WORK to pollard huge trees at Los Altos Park in Sandown has drawn criticism from residents of the town — due to the severity of the cutback.

The Isle of Wight Council says the Holm Oak trees will be maintained as pollards from now on with an annual pruning cycle, and a native — more suitable — species will be planted in a parallel line.

However resident Jane Cresdee said it was difficult to capture the severity in pictures, but the work amount to a "chainsaw massacre".

She said the park was in the process of destruction and it had left residents of Sandown "dismayed and in shock about what is being done".

Scroll down for Jane's video 

On the Sandown Hub Facebook group, several comments supported Jane.

Rod Wilcock said it was "licensed vandalism — absolutely no need for that severity of cutting back."

Michelle Price agreed, saying: "That's brutal. I can't imagine they need butchering THAT much even if they did need a bit of a prune for safety's reasons."

As previously reported, Christopher Saunders of Fairfield Gardens, whose property backs on to the railway line, also fears the work is excessive.

He said: "There appears to be little regard for not only the aesthetic appearance of what is being left behind, but also the wholesale decimation of wildlife habitat, in an area of parkland and natural beauty.

"The bank of trees running hundreds of yards along the edge of the railway, is home to rooks, crows, and much other bird life and as we have had sightings of red squirrel.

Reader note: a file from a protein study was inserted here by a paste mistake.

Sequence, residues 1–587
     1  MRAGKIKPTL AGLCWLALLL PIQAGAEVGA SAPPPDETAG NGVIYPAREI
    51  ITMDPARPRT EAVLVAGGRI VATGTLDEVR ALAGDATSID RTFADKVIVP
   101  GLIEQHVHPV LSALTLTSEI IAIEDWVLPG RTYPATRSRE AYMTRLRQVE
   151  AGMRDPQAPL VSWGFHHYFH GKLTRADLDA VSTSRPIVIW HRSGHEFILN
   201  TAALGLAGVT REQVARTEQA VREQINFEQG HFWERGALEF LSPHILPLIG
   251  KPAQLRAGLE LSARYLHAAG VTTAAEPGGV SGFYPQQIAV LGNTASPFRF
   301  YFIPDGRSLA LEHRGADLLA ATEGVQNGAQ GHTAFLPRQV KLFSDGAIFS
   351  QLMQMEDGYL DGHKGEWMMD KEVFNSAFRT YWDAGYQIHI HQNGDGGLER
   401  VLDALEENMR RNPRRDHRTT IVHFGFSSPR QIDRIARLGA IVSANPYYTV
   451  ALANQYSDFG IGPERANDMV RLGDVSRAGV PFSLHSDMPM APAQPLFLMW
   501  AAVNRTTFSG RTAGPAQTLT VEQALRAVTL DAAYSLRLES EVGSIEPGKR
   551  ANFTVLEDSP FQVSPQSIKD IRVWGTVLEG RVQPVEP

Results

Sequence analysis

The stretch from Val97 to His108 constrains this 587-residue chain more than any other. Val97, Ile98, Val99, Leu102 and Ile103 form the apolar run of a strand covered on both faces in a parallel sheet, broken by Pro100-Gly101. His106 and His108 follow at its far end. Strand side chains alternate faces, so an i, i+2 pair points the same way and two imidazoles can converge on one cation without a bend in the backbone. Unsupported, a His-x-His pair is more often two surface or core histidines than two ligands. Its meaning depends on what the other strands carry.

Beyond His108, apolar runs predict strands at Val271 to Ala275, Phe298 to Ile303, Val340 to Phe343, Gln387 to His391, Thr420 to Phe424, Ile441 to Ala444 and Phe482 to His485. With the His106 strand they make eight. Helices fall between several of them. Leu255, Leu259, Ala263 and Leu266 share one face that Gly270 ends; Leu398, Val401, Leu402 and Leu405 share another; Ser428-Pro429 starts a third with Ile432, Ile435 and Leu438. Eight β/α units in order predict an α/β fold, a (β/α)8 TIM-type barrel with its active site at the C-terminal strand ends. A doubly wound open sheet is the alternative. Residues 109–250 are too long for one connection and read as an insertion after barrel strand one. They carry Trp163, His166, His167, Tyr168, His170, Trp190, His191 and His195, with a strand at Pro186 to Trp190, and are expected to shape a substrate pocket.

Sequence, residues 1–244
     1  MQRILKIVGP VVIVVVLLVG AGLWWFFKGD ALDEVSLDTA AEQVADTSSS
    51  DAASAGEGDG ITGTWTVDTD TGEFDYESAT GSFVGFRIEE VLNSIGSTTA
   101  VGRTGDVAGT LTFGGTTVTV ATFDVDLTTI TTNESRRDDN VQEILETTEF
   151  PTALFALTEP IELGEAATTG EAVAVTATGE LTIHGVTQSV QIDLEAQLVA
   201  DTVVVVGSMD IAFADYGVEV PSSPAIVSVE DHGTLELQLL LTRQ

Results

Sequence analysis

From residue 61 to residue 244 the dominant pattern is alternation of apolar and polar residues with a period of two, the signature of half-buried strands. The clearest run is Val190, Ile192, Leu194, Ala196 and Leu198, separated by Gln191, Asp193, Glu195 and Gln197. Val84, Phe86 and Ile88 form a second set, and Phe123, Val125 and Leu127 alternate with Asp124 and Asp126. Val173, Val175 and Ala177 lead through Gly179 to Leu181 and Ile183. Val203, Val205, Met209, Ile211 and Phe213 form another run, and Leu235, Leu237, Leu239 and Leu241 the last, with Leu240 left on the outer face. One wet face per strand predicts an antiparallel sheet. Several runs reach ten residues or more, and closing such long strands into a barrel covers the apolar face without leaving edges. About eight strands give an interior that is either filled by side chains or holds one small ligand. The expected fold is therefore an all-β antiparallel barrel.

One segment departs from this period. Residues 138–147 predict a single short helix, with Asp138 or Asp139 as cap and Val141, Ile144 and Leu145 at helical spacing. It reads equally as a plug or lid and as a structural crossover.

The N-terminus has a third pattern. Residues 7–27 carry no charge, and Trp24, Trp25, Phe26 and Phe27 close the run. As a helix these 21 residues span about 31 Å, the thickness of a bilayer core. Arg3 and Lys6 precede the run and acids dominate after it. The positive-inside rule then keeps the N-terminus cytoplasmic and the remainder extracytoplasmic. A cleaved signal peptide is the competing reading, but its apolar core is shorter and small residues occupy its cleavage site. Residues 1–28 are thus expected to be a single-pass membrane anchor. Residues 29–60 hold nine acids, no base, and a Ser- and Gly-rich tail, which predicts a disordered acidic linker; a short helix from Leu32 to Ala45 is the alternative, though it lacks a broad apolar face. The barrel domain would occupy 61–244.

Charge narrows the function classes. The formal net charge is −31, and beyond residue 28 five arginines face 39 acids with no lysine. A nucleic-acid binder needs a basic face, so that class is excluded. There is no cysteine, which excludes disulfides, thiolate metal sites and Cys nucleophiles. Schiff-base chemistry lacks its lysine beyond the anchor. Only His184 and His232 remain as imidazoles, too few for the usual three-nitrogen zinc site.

"My feeling is that the council should be mindful of retaining dwindling arboreal reserves, and the way in which this action is being conducted may not necessarily be in the best interests of the community at large."

Isle of Wight County Press: Tree work at Los Altos Park. Picture by Jane Cresdee.Tree work at Los Altos Park. Picture by Jane Cresdee.

The Isle of Wight Council said the trees are Holm Oaks which used to be a hedge along the railway line, but have since grown into 20m high trees.

Click here to read the full council statement

A spokesperson told the County Press: "Because of the growth habit of the Holm Oaks at this location, their closely planted proximity and their propensity to form a low arching overextended crown over the path and railway line, they pose a significant risk to the public when they fall, either onto the path in the park or the railway line.

"It is necessary, therefore, to reduce the risk with appropriate remedial works to the trees.

"However, if possible, we prefer not to remove these trees entirely and with this in mind, the Holm Oaks will be maintained as pollards from now on, with an annual pruning cycle.

"This means the tops will be cut off, but allowed to grow back until they are cut again in a few years' time, in a similar manner to plane trees on the nearby streets.

"These trees are a natural and cultural asset and therefore it is the intention of the council in the future to mitigate for the loss of canopy cover by planting a row of native tree species parallel to the line of Holm Oaks, but outside of the falling distance of the railway line.

"This will provide a greater diversity of native tree species for future generations to enjoy, whilst maintaining the safety of the public ­— our main priority."

The work, being carried out by contractor Ivy Tree Care, is set to continue for a few weeks.